Friday, 12 February 2021

Top 20 C++ language Interview Questions

 

Ques. 1): What is ‘this’ pointer?

Answer: The ‘this’ pointer is passed as a hidden argument to all non-static member function calls and is available as a local variable within the body of all non-static functions. ‘this’ pointer is a constant pointer that holds the memory address of the current object. ‘this’ pointer is not available in static member functions as static member functions can be called without any object (with class name).

 

Ques. 2): What are VTABLE and VPTR?

Answer: vtable is a table of function pointers. It is maintained per class.

vptr is a pointer to vtable. It is maintained per object.

Compiler adds additional code at two places to maintain and use vtable and vptr.

1) Code in every constructor. This code sets vptr of the object being created. This code sets vptr to point to vtable of the class.

2) Code with polymorphic function call (e.g. bp->show()). Wherever a polymorphic call is made, compiler inserts code to first look for vptr using base class pointer or reference, for example, since pointed or referred object is of derived type, vptr of derived class is accessed). Once vptr is fetched, vtable of derived class can be accessed. Using vtable, address of derived derived class function show() is accessed and called.

 

Ques. 3): What do you mean by ‘void’ return type?

Answer: All functions should return a value as per the general syntax.

However, in case, if we don’t want a function to return any value, we use “void” to indicate that. This means that we use “void” to indicate that the function has no return value or it returns “void”.

Example:

void myfunc()

{

Cout<<”Hello,This is my function!!”;

}

int main()

{

myfunc();

return 0;

}

 

Ques. 4): What is an Inline function in C++?

Answer: Inline function is a function that is compiled by the compiler as the point of calling the function and the code is substituted at that point. This makes compiling faster. This function is defined by prefixing the function prototype with the keyword “inline”.

Such functions are advantageous only when the code of the inline function is small and simple. Although a function is defined as Inline, it is completely compiler dependent to evaluate it as inline or not.

 

Ques. 5): What is a Reference Variable in C++?

Answer: A reference variable is an alias name for the existing variable. This means that both the variable name and the reference variable point to the same memory location. Hence, whenever the variable is updated, the reference is updated too.

Example:

int a=10;

 int& b = a;

Here, b is the reference of a.

 

Ques. 6): When to use “const” reference arguments in a function?

Answer: Using “const” reference arguments in a function is beneficial in several ways:

   “const” protects from programming errors that could alter data.

   As a result of using “const”, the function is able to process both const and non-const actual arguments, which is not possible when “const” is not used.

   Using a const reference will allow the function to generate and use a temporary variable in an appropriate manner.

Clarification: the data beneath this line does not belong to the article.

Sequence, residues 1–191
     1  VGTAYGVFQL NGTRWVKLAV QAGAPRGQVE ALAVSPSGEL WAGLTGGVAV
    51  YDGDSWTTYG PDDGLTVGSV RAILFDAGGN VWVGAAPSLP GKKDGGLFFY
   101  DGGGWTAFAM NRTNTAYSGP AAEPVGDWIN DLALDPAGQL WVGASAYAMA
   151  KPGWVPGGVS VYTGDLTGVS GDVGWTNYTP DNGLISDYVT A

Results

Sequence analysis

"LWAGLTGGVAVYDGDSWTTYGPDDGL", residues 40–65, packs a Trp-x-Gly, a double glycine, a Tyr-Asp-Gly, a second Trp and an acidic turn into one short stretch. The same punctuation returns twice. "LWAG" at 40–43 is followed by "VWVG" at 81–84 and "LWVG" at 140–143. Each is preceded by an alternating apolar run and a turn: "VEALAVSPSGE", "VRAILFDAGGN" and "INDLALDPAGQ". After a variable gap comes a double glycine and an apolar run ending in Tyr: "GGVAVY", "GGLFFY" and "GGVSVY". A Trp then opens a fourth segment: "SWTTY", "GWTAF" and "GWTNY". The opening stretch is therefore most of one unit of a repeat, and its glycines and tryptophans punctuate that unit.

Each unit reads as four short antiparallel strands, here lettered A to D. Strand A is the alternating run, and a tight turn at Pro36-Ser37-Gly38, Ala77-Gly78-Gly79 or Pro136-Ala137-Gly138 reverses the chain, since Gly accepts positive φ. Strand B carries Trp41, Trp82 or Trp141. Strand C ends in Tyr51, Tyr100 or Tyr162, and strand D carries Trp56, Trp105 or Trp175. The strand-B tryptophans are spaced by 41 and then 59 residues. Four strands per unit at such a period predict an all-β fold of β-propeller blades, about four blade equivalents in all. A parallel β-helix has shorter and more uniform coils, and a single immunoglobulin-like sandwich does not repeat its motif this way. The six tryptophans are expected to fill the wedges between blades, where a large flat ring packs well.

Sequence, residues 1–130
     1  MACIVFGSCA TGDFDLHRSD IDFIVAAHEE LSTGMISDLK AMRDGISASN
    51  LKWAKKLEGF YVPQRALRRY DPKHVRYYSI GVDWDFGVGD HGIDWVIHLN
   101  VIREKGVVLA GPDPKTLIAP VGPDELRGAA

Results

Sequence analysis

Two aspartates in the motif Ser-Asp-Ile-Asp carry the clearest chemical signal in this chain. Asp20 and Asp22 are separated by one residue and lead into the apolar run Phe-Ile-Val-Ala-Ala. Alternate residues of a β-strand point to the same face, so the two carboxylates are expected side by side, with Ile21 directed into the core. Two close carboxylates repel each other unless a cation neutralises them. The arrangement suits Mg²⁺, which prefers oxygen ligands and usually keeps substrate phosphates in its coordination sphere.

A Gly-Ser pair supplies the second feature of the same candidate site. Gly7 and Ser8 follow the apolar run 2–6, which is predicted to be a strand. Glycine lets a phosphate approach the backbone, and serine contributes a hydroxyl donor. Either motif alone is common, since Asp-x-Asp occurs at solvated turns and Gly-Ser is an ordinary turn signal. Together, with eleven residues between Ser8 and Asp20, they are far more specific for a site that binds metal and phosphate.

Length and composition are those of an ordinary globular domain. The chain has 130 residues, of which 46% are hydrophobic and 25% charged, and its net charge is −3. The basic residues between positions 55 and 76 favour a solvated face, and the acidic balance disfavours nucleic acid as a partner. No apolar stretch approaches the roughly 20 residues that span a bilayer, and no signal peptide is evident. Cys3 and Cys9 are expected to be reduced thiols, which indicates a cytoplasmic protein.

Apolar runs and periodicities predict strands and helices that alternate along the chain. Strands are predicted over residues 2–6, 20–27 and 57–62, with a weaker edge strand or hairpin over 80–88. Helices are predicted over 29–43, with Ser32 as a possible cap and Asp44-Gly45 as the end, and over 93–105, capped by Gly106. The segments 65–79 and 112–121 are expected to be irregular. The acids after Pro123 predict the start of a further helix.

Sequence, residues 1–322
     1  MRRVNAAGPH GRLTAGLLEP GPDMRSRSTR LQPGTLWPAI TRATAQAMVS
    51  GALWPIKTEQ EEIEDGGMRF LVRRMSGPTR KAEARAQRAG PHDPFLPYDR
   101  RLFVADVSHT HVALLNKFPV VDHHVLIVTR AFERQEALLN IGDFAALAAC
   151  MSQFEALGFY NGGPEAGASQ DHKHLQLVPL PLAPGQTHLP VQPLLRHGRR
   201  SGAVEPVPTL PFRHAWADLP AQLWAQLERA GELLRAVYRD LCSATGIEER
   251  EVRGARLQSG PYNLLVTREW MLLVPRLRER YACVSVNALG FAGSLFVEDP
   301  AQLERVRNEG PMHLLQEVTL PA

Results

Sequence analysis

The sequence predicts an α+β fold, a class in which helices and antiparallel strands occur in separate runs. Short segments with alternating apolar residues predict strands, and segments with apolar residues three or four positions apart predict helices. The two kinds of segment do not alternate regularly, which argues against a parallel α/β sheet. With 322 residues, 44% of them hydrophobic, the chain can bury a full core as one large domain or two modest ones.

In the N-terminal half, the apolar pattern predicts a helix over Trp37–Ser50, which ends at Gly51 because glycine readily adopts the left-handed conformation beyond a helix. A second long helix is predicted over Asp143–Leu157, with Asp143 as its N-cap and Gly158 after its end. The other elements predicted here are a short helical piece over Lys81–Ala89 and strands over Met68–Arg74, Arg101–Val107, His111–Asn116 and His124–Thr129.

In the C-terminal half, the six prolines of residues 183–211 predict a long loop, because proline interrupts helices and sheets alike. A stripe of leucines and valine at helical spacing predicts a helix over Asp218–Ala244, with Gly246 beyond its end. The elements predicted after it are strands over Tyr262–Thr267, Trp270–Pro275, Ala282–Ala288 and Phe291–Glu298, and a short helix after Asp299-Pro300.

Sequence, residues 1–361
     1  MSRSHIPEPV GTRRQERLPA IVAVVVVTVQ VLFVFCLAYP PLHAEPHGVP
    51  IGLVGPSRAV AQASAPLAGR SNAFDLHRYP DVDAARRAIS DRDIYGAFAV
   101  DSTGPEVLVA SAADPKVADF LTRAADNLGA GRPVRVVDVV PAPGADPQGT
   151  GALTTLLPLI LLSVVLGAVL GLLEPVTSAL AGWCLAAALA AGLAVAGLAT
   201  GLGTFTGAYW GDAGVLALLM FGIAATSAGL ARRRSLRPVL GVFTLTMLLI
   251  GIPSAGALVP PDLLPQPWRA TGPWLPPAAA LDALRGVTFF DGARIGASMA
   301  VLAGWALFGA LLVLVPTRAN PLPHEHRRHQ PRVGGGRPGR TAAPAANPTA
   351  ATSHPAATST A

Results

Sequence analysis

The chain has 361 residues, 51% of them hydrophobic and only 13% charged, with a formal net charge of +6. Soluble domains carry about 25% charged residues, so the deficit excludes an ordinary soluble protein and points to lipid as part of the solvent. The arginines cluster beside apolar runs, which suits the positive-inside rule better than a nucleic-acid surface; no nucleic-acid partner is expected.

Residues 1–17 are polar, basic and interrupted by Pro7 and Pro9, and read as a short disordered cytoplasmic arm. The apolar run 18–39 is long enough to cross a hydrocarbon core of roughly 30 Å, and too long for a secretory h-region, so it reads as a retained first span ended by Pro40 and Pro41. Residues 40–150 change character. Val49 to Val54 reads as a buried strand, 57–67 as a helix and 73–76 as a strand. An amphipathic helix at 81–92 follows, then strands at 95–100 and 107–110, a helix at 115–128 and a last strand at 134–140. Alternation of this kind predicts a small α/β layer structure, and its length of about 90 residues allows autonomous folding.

Ques. 7): What is the main difference between Class and Structure.

Answer:

Structure: In C language, the structure is used to bundle different types of data types together. The variables inside a structure are called the members of the structure. These members are by default public and can be accessed by using the structure name followed by a dot operator and then the member name.

Class: Class is a successor of the Structure. C++ extends the structure definition to include the functions that operate on its members. By default, all the members inside the class are private.

 

Ques. 8): What is Namespace?

Answer: Namespace allows us to group a set of global classes, objects and/or functions under a specific name.

The general form to use namespaces is:

namespace identifier { namespace-body }

Where identifier is any valid identifier and the namespace-body is the set of classes, objects, and functions that are included within the namespace. Namespaces are especially useful in the case where there is a possibility for more than one object to have the same name, resulting in name clashes.

 

Ques. 9): What is Name Mangling?

Answer: C++ compiler encodes the parameter types with function/method into a unique name. This process is called name mangling. The inverse process is called as demangling.

Example:

A::b(int, long) const is mangled as ‘b__C3Ail’.

For a constructor, the method name is left out.

That is A:: A(int, long) const is mangled as ‘C3Ail’.

 

Ques. 10): What is a COPY CONSTRUCTOR and when is it called?

Answer: A copy constructor is a constructor that accepts an object of the same class as its parameter and copies its data members to the object on the left part of the assignment. It is useful when we need to construct a new object of the same class.

Example:

class A{

int x; int y;

public int color;

public A() : x(0) , y(0) {} //default (no argument) constructor

public A( const A& ) ;

};

A::A( const A & p )

{

this->x = p.x;

this->y = p.y;

this->color = p.color;

}

main()

{

A Myobj;

Myobj.color = 345;

A Anotherobj = A( Myobj ); // now Anotherobj has color = 345

}

 

Ques. 11): What is the main difference between Declaration and Definition of a variable?

Answer: The declaration of a variable is merely specifying the data type of a variable and the variable name. As a result of the declaration, we tell the compiler to reserve the space for a variable in the memory according to the data type specified.

Example:

int Result;

char c;

int a,b,c;

All the above are valid declarations. Also, note that because of the declaration, the value of the variable is undetermined.